Lutfi Noaman: What do you think about the experience of the dialogue with extremists? The dialogue that the Yemeni government conducted with the returnees from Afghanistan.

Ambassador Feierstein: I think that generally speaking, we believe that it’s important for people who want to come away from their association with extremism and violence have an opportunity to do that, and so we support rehabilitation efforts and ways of reintegrating these people back into their societies, but it has to be real. So when you have a dialogue with people who really have not made the decision or the commitment to abandon extremism, then it creates confusion and problems.

Lutfi Noaman: Your activities since your arrival have been positive, your important movements have been quiet, and not provocative until now. You have visited important Yemeni cities and you’ve visited many types of Yemeni people, including Yemeni Jewish people? Why, in the context of these visits, have you not visited the southern cities? Is that related to a security concern about the situation there?

Ambassador Feierstein: No, actually, when I first came, I asked permission to visit Aden but at that time the Yemeni government felt uncomfortable. So it’s still very much on my list. I have said to the government that I hope, while I’m here, to have an opportunity to visit every governorate in Yemen. Unfortunately right now because of this current situation I am more or less stuck in Sana’a. But as soon as we’re finished, I expect to have a number of other trips in Yemen.

Lutfi Noaman: Some analysts predict the fall of Yemen, and the shaking of Yemen’s stability. They expect Al-Qaeda to create their own little government. How much do you agree or disagree with this vision.

Ambassador Feierstein: This is a concern, is that if there is a collapse of the dialogue and more problems for the government, more security challenges for them, that this provides opportunities for al-Qaeda to increase their activities here. We don’t think it’s happened yet but we are concerned about it.

Lutfi Noaman: In the same context, some politicians present federalism as a solution for the southern issue. Others see it as the beginning of secession so they refuse it completely. In this context, do you see federalism as a beneficial proposal, as an influential observer yourself?

Ambassador Feierstein: Of course, our country is also a federal system, so we like federalism. We believe of course that Yemen has, as a law, a decentralization program. We believe it’s a good law actually and a good program and we support it. Our experience is that when you bring government closer to the people, then popular support for the government is stronger. So we certainly are doing what we can to support the implementation of the government of Yemen’s decentralization plans. But we’ve been very clear also in always saying that we do not support any secessionism or separation. Our view is that a decision was made in 1990 to unite Yemen, and that was a final decision and it’s not something that’s open for discussion anymore.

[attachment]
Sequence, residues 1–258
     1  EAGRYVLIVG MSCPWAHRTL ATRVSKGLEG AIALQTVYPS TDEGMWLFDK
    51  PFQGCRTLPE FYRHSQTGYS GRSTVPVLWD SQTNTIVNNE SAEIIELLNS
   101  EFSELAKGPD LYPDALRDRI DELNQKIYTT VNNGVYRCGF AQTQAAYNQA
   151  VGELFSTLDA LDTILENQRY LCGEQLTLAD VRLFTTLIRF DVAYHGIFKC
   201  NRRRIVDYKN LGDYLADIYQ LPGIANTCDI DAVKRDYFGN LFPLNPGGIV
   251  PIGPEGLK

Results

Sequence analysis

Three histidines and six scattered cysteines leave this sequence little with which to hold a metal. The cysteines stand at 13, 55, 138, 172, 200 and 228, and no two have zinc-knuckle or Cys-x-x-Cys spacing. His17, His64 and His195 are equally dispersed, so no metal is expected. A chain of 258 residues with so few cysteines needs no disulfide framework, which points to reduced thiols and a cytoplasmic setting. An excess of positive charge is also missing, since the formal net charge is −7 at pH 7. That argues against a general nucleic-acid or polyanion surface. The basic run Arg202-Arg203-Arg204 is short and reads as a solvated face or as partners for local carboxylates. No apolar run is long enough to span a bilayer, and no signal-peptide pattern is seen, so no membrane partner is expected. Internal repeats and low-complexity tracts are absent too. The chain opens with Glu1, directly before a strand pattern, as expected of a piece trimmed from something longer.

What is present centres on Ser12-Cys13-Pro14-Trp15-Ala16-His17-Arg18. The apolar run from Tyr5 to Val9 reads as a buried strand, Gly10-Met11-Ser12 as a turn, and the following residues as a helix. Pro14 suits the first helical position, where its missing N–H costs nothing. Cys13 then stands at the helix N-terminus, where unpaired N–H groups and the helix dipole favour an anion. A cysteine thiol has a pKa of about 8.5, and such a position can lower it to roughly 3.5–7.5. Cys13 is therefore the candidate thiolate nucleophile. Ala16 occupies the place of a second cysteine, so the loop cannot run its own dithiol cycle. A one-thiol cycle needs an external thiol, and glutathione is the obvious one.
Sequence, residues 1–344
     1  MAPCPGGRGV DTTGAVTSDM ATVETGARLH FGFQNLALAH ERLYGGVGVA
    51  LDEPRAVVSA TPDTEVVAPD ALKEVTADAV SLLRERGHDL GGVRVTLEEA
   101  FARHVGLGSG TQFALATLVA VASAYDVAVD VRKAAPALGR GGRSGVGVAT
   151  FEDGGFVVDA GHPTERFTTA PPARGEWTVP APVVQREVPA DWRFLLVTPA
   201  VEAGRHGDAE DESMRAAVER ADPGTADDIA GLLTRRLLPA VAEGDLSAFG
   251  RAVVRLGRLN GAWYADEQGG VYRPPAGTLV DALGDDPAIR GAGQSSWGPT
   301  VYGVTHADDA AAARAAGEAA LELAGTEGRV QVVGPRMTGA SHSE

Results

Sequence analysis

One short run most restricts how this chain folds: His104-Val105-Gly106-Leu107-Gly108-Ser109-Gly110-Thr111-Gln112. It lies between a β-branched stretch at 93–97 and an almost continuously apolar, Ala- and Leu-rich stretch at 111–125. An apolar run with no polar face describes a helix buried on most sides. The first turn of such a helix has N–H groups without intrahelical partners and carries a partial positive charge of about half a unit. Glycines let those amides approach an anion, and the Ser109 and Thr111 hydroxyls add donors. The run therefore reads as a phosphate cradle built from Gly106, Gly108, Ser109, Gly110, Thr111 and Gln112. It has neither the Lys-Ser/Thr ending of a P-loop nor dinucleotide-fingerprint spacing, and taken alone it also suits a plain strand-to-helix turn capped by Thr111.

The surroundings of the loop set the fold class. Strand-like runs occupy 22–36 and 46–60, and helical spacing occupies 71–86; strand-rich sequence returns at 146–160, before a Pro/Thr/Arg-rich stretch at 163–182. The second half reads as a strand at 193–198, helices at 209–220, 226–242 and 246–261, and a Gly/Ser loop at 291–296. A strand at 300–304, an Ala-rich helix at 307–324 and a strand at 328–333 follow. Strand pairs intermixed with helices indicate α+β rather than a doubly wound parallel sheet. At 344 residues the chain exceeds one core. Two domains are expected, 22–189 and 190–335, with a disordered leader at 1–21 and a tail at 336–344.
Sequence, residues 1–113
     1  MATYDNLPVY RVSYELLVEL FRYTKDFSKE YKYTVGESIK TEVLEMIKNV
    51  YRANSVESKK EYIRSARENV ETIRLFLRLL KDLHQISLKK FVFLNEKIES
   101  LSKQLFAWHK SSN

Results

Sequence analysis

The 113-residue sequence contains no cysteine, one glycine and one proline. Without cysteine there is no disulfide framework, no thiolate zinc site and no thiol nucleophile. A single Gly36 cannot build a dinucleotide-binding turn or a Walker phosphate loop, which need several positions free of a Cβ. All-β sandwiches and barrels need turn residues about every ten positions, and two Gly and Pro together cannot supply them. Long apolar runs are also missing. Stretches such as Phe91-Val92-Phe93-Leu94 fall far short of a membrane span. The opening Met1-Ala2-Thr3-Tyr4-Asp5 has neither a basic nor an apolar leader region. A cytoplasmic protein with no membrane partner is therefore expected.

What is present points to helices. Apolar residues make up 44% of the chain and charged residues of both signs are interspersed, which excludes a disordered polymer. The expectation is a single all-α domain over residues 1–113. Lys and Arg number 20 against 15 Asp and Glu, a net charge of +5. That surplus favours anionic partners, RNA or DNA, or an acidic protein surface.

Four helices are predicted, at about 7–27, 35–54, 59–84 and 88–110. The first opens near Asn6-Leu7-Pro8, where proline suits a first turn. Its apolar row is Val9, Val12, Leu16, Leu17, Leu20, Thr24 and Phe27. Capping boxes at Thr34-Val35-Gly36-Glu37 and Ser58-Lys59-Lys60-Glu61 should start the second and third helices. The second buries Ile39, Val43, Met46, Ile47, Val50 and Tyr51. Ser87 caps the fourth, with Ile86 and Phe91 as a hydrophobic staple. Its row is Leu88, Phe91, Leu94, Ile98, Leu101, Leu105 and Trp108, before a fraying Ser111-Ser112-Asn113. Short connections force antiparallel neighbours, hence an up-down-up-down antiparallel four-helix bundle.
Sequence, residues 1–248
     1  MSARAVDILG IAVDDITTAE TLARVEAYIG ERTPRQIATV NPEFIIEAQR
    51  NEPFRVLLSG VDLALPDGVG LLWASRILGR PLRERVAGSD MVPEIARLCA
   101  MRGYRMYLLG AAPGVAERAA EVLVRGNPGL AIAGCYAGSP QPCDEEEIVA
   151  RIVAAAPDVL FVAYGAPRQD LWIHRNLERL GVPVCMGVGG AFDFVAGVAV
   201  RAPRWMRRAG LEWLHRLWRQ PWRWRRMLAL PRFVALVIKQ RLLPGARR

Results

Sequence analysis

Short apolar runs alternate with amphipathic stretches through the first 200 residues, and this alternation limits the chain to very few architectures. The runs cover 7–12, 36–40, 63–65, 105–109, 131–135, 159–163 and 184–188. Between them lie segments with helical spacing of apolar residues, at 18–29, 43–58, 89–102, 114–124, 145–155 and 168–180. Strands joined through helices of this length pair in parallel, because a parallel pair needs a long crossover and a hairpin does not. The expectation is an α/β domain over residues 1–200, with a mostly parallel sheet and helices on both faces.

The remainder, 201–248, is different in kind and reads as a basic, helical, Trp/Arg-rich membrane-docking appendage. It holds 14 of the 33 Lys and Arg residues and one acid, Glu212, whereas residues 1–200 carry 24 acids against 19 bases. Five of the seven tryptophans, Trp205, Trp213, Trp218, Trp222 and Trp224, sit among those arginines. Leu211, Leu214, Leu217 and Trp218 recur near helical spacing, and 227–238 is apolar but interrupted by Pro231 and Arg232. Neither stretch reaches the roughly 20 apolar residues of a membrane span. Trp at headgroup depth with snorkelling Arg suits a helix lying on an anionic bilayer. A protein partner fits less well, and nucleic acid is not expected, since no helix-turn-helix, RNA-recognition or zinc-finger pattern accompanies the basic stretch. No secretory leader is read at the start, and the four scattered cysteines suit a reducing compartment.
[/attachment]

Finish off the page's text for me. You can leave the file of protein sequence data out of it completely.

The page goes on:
Lutfi Noaman: On the Arab street, the people are adopting the same slogans as the Democrats during the U.S. elections, such as, “Change we can believe in,” and “Change, we can do it.” But they are not thinking about the consequences.

Ambassador Feierstein: Right. That’s exactly right. To be clear, the U.S. position is that we support the change. We support the constitutional and legal reforms. And so, the only issue for us isn’t whether there should be change or not; it’s how the change happens. We believe in change that’s undertaken through a process of negotiation that answers those questions about what does it mean when it’s finished.

Lutfi Noaman: If you had small messages you would like to be carried on your behalf to the Friends of Yemen in the Riyadh meeting, the GPC in Yemen, the public including the youth, what would those messages be? What personal message do you have?

Ambassador Feierstein: I think that the message is that the U.S. is standing very firmly on the side of the Yemeni people in trying to address these critical challenges. We support the demands for change. We believe that the change should come through a peaceful process of dialogue and negotiation. It should be something that puts Yemen very firmly on the path to a very good and positive future. The U.S. will do everything that we can to support that process for change. On the part of the Friends, we hope that when we meet in Riyadh at the end of March, we can have a very positive conversation about how the Friends can support the government of Yemen and the people of Yemen in achieving their goals.

Thank you.